Semple played his club hurling with the local club in Thurles, the precursor to the famous Sarsfield's club. He rose through the club and served as captain of the team for almost a decade. In 1904 Semple won his first championship medal following a walkover from Lahorna De Wets. Thurles failed to retain their title, however, the team returned to the championship decider once again in 1906. A 4-11 to 3-6 defeat of Lahorna De Wets gave Semple his second championship medal as captain. It was the first of four successive championships for Thurles as subsequent defeats of Lahorna De Wets, Glengoole and Racecourse/Grangemockler brought Semple's medal tally to five. Five-in-a-row proved beyond Thurles, however, Semple's team reached the final for the sixth time in eight seasons in 1911. A 4-5 to 1-0 trouncing of Toomevara gave Semple his sixth and final championship medal as captain.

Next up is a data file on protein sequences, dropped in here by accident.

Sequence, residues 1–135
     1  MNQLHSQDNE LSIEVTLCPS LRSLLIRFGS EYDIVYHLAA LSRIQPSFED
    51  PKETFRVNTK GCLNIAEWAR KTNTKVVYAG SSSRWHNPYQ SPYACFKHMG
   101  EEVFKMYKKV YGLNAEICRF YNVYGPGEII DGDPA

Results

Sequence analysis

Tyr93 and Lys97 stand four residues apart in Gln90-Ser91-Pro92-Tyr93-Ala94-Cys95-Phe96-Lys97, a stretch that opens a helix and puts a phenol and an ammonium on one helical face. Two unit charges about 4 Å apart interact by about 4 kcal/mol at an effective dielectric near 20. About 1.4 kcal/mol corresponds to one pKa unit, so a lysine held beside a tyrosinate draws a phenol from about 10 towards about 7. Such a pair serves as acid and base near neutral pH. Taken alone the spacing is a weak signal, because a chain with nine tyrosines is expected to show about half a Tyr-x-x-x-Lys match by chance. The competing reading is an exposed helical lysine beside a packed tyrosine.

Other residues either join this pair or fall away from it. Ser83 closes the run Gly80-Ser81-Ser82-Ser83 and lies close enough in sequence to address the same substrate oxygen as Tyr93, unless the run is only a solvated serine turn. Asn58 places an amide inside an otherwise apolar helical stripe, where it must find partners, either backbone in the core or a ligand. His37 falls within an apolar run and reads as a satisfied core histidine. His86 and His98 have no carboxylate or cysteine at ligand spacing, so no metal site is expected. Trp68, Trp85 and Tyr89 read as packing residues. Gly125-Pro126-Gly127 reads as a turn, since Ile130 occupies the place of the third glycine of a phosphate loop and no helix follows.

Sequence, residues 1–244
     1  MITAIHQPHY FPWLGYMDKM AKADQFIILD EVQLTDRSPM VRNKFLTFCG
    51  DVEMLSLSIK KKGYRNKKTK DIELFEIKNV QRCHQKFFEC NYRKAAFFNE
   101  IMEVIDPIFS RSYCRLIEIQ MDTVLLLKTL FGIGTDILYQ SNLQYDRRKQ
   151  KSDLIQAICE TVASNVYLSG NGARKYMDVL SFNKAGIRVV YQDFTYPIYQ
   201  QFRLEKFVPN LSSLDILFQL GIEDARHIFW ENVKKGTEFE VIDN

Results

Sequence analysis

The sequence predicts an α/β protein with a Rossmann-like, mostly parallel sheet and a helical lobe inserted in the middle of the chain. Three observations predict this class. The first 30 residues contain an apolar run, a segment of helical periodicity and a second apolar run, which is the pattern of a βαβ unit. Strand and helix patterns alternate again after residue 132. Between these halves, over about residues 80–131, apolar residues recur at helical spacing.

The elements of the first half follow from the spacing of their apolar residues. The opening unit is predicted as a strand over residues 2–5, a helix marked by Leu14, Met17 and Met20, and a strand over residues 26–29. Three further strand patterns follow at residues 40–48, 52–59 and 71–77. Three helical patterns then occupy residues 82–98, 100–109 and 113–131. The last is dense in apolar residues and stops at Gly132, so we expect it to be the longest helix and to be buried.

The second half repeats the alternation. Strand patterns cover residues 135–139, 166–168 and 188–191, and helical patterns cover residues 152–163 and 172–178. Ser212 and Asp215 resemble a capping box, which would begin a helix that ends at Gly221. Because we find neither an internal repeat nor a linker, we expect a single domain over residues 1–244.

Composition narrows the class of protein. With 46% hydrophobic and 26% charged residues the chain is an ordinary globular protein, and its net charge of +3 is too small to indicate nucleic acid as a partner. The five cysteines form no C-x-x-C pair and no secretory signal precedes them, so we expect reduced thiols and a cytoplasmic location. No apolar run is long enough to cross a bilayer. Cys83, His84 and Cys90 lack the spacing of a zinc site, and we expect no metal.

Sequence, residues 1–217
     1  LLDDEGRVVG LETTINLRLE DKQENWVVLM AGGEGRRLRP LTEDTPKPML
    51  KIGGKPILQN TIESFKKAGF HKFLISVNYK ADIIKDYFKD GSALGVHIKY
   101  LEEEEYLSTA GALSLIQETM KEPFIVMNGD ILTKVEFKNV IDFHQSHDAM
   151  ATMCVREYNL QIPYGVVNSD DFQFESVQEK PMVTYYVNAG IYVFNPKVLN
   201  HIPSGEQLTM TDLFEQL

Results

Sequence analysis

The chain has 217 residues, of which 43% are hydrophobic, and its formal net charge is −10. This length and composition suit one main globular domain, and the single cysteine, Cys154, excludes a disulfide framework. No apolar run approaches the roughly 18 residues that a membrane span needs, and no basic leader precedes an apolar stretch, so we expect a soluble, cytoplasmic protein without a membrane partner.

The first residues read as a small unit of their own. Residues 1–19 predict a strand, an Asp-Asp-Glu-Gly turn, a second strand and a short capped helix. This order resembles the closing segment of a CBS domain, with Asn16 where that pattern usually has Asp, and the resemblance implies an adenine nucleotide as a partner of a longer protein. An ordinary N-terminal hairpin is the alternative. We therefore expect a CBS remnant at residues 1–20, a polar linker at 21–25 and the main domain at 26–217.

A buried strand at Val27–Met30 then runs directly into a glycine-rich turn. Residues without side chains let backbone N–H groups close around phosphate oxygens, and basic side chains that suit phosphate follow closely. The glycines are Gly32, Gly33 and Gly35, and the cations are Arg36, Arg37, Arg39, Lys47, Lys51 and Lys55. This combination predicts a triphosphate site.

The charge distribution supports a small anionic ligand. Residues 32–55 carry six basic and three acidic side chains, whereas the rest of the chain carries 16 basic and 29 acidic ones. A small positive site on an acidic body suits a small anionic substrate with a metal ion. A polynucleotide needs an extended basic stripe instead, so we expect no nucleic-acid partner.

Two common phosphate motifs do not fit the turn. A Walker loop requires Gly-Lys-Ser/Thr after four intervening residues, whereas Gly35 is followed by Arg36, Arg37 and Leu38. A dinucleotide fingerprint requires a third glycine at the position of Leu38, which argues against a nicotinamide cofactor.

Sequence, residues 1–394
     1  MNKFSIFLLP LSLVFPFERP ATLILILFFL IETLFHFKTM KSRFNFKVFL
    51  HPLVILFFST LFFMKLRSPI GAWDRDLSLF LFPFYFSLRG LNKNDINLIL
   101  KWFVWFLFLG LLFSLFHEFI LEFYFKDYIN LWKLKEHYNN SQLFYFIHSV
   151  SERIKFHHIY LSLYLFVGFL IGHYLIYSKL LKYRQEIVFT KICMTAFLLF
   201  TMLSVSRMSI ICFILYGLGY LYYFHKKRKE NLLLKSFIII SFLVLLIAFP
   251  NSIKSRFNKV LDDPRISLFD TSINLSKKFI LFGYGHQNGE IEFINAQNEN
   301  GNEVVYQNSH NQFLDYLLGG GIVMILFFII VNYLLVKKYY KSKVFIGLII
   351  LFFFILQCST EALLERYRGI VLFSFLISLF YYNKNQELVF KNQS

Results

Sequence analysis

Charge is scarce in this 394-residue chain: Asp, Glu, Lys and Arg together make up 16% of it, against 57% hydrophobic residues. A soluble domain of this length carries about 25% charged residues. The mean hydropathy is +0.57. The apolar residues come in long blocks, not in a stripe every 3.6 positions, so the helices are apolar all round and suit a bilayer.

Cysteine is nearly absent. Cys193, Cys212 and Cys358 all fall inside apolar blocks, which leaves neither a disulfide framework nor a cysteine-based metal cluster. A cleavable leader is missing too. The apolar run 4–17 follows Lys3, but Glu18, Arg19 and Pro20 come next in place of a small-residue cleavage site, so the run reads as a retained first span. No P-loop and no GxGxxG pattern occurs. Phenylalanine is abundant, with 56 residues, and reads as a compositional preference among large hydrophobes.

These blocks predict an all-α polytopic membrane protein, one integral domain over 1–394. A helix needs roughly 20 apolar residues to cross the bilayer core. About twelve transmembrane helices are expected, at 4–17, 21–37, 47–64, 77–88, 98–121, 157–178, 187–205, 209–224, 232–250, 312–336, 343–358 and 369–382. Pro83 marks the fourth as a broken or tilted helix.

Tipperary Hurling Team outside Clonmel railway station, August 26, 1910. Semple is in the centre of the middle row.